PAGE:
The Pittsburgh Steelers should want to bring back JuJu Smith-Schuster. If the cap and finances allow it, the team probably will. But Smith-Schuster won’t be cheap. And if he puts pen to paper to remain a Steeler, the way Pittsburgh uses him will have to change.
That’s not to say what Smith-Schuster did in 2020 wasn’t valuable. It was. He was the Steelers’ go-to guy in any high-leverage moment. Third down, red zone, whenever Ben Roethlisberger scrambled, Smith-Schuster was often the intended receiver. He came up with clutch catches, fought for extra yards, and bounced back from an injury-plagued 2019 season.
But if you just looked at his stats, you’d think Smith-Schuster was a tight end. Or heck, a running back. Smith-Schuster had one of the weirdest stat lines of any receiver in history: 97 catches for 831 yards, an average of 8.57 yards per catch, with nine touchdowns.
Consider this. In NFL history, there have been 257 instances of a player catching at least 90 passes in a season. Smith-Schuster’s 831 yards are eighth fewest. And they’re the second fewest of any wide receiver, only edging out Golden Tate’s 2015 season who he caught 90 balls for 813 yards. His 8.57 average is the 6th lowest and the lowest of any wide receiver in football history, breaking Jarvis Landry’s previous record of 8.81.
The names surrounding Smith-Schuster are running backs. Players like Matt Forte, Brian Westbrook, and Steven Jackson. Talented pass catchers, no doubt, but guys who ran a RB route tree. Screens, angles, and checkdowns.
Check out some of the box scores JuJu ended up with in 2020.
Week 2 – 7 catches, 48 yards
Week 5 – 4 catches, 28 yards
Week 11 – 4 catches, 19 yards
Week 12 – 8 catches, 37 yards
Week 13 – 7 catches, 28 yards
At almost no point this season was Smith-Schuster used as a vertical, downfield threat. His longest catch of the year went for 31 yards, a TD against Dallas in Week 9. To put that in perspective, that’s the second lowest “long” of any WR with 90+ catches in history, only losing out to Keenan Allen, who funny enough, set the record this season.
Here’s a list of the top seven.
If you’re wondering what player had the shortest “long” in NFL history with 90+ catches, it was TE Tony Gonzalez. Catching 93 passes in 2012, his longest gain went for just 25 yards. Offseason stats of the weird for you.
One name on that list that probably caught your eye was Hines Ward. Different eras but they’re cut from a similar cloth. Tough, physical slot receivers. In 2001, Ward, fresh off a contract extension, caught 94 passes for 1003 yards and four touchdowns, an average of just over ten yards per grab. The Steelers realized Ward needed to be a more downfield threat and his average spiked to nearly 12 yards the next season, not falling back to ten until five years later (yes, QB changes from Kordell Stewart to Tommy Maddox/Ben Roethlisberger also helped).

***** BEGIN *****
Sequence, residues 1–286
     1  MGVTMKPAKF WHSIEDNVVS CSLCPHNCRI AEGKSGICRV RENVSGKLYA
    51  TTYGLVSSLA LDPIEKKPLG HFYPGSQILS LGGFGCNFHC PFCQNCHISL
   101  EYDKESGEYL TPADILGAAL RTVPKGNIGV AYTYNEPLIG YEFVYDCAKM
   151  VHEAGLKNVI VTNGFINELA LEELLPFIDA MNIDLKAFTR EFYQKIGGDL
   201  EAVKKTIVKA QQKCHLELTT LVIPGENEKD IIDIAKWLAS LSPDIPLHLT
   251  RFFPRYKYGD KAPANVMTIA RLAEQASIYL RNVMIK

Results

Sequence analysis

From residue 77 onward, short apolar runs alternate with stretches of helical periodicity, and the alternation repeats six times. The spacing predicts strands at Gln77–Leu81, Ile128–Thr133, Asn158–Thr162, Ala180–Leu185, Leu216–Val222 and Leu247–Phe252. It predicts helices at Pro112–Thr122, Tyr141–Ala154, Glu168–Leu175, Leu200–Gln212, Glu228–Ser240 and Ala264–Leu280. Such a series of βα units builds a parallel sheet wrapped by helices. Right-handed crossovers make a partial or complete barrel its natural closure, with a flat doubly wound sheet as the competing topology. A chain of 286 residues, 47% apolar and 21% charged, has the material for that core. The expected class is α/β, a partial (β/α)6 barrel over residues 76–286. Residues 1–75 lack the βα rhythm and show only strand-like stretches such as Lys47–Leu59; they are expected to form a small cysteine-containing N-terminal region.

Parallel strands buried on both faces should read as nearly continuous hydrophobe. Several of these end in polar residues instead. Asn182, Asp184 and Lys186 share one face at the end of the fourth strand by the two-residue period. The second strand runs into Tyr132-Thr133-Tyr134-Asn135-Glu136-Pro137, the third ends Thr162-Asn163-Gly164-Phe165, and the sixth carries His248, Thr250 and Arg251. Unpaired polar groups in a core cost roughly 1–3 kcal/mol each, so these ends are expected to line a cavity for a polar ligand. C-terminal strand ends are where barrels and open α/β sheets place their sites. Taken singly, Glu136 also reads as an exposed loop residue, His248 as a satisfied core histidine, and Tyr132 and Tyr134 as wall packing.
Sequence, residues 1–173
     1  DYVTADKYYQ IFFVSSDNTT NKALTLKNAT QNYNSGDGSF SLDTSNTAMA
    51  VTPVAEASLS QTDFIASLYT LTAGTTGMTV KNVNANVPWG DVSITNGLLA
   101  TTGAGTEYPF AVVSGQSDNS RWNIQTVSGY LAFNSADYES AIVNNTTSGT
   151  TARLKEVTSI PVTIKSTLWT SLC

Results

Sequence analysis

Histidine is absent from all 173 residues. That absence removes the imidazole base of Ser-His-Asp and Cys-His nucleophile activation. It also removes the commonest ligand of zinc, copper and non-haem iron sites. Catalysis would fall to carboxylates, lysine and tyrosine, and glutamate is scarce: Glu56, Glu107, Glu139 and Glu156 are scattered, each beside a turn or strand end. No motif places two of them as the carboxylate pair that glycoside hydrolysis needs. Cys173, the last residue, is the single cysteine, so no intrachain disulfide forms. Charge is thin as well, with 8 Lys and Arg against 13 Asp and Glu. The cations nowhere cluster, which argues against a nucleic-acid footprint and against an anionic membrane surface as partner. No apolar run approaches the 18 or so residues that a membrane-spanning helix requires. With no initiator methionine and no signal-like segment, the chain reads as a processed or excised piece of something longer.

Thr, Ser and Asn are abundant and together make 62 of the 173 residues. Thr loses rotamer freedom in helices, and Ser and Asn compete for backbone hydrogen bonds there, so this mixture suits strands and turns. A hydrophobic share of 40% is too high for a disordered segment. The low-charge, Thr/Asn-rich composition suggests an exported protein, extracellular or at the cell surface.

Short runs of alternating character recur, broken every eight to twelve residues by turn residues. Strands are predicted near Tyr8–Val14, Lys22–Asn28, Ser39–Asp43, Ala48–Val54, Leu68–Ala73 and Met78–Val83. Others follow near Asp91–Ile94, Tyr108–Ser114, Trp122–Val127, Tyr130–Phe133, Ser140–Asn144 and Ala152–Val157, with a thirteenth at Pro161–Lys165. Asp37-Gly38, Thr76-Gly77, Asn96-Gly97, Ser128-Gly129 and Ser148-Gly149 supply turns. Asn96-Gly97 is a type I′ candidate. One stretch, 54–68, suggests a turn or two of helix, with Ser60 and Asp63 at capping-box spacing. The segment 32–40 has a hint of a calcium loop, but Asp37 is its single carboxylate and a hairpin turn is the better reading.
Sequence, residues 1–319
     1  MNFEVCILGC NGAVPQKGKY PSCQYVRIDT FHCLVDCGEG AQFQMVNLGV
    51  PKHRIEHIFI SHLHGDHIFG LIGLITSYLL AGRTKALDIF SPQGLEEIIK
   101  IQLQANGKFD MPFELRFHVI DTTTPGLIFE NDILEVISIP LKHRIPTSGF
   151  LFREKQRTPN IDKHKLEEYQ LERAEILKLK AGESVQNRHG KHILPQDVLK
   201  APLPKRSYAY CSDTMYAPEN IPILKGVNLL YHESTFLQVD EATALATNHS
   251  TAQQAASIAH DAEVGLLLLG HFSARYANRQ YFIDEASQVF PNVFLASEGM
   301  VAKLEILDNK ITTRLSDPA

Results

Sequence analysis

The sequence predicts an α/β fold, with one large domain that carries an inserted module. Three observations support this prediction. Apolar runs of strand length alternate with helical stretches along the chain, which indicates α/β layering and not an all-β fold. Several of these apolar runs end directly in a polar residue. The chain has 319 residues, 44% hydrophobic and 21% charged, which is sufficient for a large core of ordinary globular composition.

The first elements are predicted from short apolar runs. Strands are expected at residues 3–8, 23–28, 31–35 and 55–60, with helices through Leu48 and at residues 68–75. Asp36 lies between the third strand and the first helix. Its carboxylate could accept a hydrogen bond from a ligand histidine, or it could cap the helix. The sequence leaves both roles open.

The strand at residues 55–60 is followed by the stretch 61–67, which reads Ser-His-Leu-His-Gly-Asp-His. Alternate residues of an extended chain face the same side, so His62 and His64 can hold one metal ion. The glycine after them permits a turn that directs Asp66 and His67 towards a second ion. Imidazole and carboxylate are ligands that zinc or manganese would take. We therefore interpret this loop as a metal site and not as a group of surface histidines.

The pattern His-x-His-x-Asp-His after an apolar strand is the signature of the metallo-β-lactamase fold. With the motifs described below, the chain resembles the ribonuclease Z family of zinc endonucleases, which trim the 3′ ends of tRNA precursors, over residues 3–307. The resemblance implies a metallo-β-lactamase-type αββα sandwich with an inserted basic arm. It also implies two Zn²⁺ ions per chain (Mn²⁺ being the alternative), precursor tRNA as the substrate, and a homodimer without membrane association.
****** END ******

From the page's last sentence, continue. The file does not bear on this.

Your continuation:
The Steelers need to take the same approach. You can make a case JuJu Smith-Schuster is worth the $16 million per year he’s projected to get. But it’s next to impossible to justify that high cost for a guy to average under nine yards per catch even *if* those catches are valuable.
Some of this isn’t Smith-Schuster’s fault. He’s certainly capable of being a playmaker. Remember, he’s the dude with a pair of 97 yard TDs on his resume. And don’t make the mistake for thinking slot usage is impacting his numbers. His slot percentage has stayed about the same the past three years.
2020 – 56.3%
2019 – 62.8%
2018 – 59.3%
In 2019, he averaged 13 yards a grab. In 2018, it was just under 13. Big plays can come from any alignment.
One difference was he Steelers’ system. It relied on short passes, no one had a quicker release than Roethlisberger, that hit Smith-Schuster on plenty of RPOs and designed slants to win in short-yardage. Plays that aren’t really designed for a lot of YAC. And that kept his YPC low.
But if Smith-Schuster re-signs, the Steelers and specifically new OC Matt Canada, will have to find ways to get Smith-Schuster more downfield chances. Whether that’s lining him up on the outside a little more, running more vertical routes, designing concepts to win in the middle of the field, Smith-Schuster can’t make top ten money with a running back route tree. That simply isn’t strong enough return on investment.
The closest comp to Smith-Schuster in style and pay is the Rams’ Cooper Kupp. Even in a down 2020 year, Kupp still averaged over 10.6 yards per catch despite lackluster QB play. With strong-armed Matthew Stafford now in town, his average is likely to bounce back much closer to his career mark of 12.4. All the other handsomely paid receivers make plays downfield. And Smith-Schuster has the skillset to do it. Not a Tyreek Hill level, of course, but something much closer to what he did in his first three seasons.
None of this is designed to place blame on anyone specific. Certainly not on Smith-Schuster. He functioned the way the offense needed him to function. That’s fine. But if Pittsburgh brings him back without changing his role in the offense, they’ll regret doing the deal.